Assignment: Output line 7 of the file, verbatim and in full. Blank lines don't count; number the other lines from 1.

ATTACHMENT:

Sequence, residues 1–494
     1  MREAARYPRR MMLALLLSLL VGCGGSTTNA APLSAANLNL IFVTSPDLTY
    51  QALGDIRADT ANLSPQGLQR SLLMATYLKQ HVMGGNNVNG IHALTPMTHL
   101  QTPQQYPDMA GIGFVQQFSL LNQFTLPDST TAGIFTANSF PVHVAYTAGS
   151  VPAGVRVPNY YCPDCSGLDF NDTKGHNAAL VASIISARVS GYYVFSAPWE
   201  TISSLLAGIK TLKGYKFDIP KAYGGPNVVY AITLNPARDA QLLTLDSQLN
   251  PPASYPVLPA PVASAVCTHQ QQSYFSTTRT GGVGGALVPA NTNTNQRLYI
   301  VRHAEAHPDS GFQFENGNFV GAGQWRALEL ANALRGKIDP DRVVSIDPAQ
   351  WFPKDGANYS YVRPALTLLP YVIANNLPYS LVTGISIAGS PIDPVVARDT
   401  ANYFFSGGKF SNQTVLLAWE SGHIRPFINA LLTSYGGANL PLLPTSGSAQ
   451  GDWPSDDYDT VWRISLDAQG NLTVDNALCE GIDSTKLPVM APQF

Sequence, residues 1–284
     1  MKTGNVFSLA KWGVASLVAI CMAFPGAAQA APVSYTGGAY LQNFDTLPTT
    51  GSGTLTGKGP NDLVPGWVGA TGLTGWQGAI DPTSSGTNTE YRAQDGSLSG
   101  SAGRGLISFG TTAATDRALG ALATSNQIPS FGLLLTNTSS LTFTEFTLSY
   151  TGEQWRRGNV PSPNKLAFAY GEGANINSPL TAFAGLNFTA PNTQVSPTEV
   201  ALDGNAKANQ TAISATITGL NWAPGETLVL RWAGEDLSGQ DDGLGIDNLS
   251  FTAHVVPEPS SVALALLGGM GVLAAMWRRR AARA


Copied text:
   251  PPASYPVLPA PVASAVCTHQ QQSYFSTTRT GGVGGALVPA NTNTNQRLYI